Here’s another tip: Some hangers come with self-adhesive tabs. It’s best to avoid using them unless the picture is lightweight and you aren’t concerned if it falls off the wall.  The same holds true if you try to jury-rig your own hanger with tape and string—stick to the tried and true, instead.


Where Should I Hang This?


There are a variety of hook types on the market.

This style of hook attaches to the top of the frame. Use it on small, lightweight pictures only.

The first step for hanging a picture is to determine the best spot to display it.  I’ve found some people have a real knack for this sort of thing.  They can hang items randomly and it becomes its own art in the making.  Others used a more scientific approach and measure to the precise midpoint of a wall or try to center over a piece of furniture.  Either way can work, but I’ve listed several other considerations below.


A Word On Height


The eye height rule doesn't work in all cases.

This painting is almost four feet tall. I’m setting it so my eyes are even with the area shown.

At six feet, I’m a relatively tall man.  At five-two, my wife is nearly ten inches shorter.  As a result, you’ve probably guessed that eye level is a pretty inexact way to describe height.  However, I think if you view eye level as a range, it is a good starting point for hanging a picture.  Just to be clear, I’m talking eye level as I’m standing.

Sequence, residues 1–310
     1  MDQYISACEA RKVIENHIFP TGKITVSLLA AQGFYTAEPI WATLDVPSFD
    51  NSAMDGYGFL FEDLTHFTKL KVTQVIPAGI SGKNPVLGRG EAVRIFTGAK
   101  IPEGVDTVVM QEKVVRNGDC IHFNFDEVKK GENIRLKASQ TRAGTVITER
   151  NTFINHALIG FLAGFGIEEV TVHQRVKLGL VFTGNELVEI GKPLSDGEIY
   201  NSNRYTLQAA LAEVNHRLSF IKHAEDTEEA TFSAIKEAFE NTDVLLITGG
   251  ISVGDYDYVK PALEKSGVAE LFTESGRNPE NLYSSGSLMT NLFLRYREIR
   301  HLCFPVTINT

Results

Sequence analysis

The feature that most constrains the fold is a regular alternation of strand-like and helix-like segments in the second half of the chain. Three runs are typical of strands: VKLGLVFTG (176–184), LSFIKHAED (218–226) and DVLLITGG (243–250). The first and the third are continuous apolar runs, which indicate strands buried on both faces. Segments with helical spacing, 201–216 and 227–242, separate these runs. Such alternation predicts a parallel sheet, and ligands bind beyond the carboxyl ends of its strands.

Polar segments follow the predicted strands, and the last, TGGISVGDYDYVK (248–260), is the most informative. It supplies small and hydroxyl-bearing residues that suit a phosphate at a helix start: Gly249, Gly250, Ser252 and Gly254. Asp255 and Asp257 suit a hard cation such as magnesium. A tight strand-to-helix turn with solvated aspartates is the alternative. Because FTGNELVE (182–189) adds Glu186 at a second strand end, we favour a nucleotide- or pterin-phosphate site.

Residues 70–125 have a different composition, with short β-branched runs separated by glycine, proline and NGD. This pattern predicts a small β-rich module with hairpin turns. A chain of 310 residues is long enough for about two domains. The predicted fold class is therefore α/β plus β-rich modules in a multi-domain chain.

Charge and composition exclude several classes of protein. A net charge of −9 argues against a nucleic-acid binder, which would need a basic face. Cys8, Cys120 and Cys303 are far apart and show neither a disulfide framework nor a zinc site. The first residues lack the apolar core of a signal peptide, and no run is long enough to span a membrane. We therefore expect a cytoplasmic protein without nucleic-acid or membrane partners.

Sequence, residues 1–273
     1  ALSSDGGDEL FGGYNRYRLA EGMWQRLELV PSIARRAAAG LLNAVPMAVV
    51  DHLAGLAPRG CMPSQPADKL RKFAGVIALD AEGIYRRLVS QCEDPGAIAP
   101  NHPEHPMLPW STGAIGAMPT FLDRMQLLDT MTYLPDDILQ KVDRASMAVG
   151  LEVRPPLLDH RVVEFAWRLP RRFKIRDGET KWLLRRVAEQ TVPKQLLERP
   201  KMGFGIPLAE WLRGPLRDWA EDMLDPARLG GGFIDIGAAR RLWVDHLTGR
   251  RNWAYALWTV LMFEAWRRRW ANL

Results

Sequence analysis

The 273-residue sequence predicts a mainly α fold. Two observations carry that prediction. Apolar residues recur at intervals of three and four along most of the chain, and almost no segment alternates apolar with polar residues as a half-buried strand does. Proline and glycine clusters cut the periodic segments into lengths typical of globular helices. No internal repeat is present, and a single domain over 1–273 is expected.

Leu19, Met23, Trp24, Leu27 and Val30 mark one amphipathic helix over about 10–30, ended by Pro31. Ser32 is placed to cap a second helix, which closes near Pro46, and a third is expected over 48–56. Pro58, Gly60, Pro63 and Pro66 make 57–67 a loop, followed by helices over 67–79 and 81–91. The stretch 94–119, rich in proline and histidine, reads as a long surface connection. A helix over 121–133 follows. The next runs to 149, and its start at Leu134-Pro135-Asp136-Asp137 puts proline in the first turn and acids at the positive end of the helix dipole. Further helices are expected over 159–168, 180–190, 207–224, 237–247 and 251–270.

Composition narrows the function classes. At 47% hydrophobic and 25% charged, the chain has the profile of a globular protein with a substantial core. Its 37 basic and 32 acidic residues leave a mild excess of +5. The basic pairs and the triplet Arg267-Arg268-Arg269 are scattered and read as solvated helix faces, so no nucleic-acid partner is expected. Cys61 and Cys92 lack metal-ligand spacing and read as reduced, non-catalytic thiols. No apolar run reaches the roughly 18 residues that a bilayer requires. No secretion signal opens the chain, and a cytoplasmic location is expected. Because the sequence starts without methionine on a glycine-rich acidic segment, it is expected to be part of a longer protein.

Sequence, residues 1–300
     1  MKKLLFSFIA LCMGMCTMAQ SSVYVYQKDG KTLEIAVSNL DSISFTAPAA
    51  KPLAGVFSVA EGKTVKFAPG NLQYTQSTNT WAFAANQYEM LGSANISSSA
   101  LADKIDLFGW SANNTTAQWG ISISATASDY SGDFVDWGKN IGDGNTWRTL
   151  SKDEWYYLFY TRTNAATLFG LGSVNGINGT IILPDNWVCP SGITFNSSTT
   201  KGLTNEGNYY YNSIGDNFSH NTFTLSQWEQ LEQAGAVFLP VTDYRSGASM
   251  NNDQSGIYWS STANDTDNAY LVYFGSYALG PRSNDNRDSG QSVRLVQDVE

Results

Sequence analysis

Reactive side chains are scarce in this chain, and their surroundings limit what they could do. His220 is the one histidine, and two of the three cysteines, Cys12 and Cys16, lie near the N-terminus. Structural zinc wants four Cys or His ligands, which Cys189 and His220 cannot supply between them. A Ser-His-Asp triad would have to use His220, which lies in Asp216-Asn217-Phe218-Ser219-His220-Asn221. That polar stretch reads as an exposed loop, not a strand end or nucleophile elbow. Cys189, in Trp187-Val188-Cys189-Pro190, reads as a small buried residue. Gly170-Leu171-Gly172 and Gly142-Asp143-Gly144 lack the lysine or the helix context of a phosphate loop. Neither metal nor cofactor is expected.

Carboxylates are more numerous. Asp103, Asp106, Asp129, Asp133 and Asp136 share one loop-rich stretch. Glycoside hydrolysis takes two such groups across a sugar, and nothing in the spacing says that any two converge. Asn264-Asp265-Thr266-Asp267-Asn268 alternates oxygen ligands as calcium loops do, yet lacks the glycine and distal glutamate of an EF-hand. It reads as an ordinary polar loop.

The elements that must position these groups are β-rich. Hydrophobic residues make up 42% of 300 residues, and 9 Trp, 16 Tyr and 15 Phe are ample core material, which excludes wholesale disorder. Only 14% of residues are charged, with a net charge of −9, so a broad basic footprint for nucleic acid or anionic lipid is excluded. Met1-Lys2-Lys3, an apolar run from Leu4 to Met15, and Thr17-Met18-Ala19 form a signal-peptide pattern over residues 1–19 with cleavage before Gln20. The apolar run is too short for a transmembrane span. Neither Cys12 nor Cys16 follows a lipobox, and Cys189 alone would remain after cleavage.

In most cases, I try to hang my pictures so anyone viewing them will be lined up at eye height with the middle to top third of the picture.  See the photo to the left.  Now, as I’m tall, I adjust my pictures down a good six inches to factor in my wife’s height (and anyone else who is shorter than I am).  This is never going to be exact or right for every picture, but it’s a good rule of thumb.  Of course, some rooms have higher ceilings and others may do better with a more artistic grouping of pictures so they’ll be times this general rule won’t apply.


A Stepped Approach


Once you’ve established the desired height for hanging a picture you want to determine how much slack is in the string or wire on the back of the frame to figure out where to locate the wall hanger.  The following steps should help:


♦ First, measure the distance between the string at full tension and the top of the picture frame.  This will be different if using one or two hangers—there should more slack if using only one hanger and less slack if using two.

♦ Second, measure the frame’s height and divide by two.

♦ Third, make a light pencil mark on the wall at “eye height” (approximately 5½ feet).

♦ Fourth, using the result you got from our second step above, measure up from the eye height mark and make another light pencil mark.  This is a rough estimate where the top of the picture frame will rest on the wall.

♦ Fifth, now measure down the distance arrived at from our first step and make another mark.  This height is where the picture hanger goes (or hangers go if using two). Don’t worry if it’s not exactly right the first time.  You can always adjust as needed.